Timo Saloniemi
     
  5. fireproof78

    fireproof78 Fleet Admiral Admiral

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    I seem to recall watching a scene that shields were impacted by Su'Kail's shockwave and destabilized the core.
     
  6. tesral

    tesral Commander Red Shirt

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    As difficult as Plot.

    Dramatic Sensor
    The "sensor" that weakens the shields, or lessens the effect of the weapons, or makes the ordinarily stable technology flaky on the PC ship whenever the writer feels a sense of heightened drama is required. The use of false danger to heighten the dramatic moment or attempt to create dramatic tension where none would normally exist.


    It should be near impossible. It never is.
     
  7. Go-Captain

    Go-Captain Captain Captain

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    That’s why I can’t specifically blame her despite authorial insistence blaming her. None of the crew do any better than her when presented with opportunities to make recommendations.

    No one points out the obviously fake Starfleet vessel is probably fake. No one suggests sporing away to Starfleet command to safely rebuild the shields, then return straight to the dilithium planet. No one suggests warping away while cloaked to gain distance, then spore away. Basically all the obvious things which require no new context.
    The cloaking device explicitly drops due to the mini Burn, but I recall no mention of shields.
     
  8. fireproof78

    fireproof78 Fleet Admiral Admiral

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    Rewatching shields were at 45% after the shockwave hit, and Stamets was shifting power due to the core destabilization.
     
  9. Go-Captain

    Go-Captain Captain Captain

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    But no power loss, he manages to keep the ship from exploding, and the shields aren’t any weaker than before.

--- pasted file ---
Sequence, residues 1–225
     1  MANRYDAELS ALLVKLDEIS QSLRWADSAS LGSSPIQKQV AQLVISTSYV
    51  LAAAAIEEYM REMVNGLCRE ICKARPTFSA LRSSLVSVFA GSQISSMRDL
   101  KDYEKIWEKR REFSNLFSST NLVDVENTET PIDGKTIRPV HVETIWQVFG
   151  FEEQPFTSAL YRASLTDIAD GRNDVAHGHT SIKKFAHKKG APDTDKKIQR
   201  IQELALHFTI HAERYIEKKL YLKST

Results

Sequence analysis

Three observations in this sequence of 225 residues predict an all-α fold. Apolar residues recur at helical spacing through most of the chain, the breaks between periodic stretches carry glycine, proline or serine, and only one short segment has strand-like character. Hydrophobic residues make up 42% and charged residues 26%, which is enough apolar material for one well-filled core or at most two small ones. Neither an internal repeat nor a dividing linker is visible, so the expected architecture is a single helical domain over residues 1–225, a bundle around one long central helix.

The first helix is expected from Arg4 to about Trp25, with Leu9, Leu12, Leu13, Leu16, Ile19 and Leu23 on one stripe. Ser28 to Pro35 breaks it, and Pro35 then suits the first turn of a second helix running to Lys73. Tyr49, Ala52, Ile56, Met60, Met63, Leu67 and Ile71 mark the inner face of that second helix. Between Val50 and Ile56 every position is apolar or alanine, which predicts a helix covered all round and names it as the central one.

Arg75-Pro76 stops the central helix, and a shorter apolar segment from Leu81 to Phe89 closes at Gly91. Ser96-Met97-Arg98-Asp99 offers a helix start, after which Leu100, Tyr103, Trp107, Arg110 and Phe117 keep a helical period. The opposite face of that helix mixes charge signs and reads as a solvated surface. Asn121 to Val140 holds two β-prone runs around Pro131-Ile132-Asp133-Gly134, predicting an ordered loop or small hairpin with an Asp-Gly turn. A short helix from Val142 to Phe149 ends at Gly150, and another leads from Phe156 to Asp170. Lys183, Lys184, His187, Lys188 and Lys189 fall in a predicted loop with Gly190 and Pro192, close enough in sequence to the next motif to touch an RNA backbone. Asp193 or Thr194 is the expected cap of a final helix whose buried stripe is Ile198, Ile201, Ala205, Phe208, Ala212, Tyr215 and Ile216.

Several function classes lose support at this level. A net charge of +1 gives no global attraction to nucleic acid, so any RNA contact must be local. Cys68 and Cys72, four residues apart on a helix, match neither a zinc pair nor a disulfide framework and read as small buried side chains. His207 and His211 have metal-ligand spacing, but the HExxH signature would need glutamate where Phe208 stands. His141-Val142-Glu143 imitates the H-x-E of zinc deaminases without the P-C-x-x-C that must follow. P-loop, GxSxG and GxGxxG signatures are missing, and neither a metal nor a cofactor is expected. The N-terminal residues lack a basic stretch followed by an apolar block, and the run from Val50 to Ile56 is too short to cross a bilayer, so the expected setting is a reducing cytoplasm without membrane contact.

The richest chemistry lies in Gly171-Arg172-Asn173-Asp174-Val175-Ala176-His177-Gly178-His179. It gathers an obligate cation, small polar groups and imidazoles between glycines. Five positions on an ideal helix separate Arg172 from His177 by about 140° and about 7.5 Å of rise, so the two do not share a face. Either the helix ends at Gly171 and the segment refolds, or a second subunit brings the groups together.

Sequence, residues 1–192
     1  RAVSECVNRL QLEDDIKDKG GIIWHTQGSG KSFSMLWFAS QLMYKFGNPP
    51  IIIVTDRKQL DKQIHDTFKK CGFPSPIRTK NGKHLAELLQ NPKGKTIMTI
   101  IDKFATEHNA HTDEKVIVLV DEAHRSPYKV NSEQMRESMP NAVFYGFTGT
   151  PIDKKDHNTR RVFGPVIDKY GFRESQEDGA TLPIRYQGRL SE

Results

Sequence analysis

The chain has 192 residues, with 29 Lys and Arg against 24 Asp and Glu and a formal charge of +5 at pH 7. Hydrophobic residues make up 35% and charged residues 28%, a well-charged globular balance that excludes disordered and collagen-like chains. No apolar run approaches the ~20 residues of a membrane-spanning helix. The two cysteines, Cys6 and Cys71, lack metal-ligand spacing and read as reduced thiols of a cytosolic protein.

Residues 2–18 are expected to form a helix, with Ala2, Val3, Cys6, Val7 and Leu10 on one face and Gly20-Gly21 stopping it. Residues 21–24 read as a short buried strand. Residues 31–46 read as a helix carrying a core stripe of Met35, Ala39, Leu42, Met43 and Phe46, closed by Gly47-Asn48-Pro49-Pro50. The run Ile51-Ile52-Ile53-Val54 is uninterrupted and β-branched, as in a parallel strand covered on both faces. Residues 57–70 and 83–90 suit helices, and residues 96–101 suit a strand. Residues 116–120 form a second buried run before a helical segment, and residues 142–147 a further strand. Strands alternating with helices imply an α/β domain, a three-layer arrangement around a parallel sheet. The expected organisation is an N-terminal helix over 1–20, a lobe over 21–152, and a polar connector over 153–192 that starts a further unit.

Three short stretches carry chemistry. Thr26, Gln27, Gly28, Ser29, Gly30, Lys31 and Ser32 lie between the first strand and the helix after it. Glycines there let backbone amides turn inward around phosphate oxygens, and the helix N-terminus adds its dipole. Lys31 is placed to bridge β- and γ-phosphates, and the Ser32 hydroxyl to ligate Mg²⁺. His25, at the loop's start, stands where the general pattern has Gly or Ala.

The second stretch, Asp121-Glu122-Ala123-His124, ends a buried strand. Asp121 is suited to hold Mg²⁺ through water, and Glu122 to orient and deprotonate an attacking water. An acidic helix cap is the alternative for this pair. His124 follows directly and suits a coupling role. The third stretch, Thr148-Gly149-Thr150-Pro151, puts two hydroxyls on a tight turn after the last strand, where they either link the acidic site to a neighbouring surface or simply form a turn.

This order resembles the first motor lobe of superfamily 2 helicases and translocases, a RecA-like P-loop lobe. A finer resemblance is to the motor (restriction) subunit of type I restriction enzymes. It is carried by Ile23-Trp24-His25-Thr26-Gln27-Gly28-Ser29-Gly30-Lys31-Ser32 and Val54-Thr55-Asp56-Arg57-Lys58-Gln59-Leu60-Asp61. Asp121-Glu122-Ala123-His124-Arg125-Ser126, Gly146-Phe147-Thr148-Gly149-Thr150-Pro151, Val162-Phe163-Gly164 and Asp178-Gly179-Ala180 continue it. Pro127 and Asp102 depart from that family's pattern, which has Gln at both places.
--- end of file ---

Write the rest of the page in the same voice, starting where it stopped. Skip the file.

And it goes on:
10. fireproof78

    fireproof78 Fleet Admiral Admiral

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    I think even a small disruption would be enough.
     
  11. Go-Captain

    Go-Captain Captain Captain

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    I would be okay with that if it were explicit, but without a comment I would lean to no shield disruption. We’ve seen systems knocked out and power surges and the like, and shields tend to stay up unless specifically messed with by an event, unless I’m miss remembering.

    I will say, a point in favor of the shields being down is how the cloak stays down instead of flickering off. But how much of that has to do with a cloak being it’s own thing versus an indication of all systems being temporarily down?

    I still contend they should have had lots of fail safes against shield failure since it should represent instant death in a fight in that time period where beaming through one’s own shields should be trivial. The moment any shield arc is down should be the end of a fight.
     
  12. fireproof78

    fireproof78 Fleet Admiral Admiral

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    And this is were tech yields to drama.
     
    tesral and Nerys Myk like this.
  13. tesral

    tesral Commander Red Shirt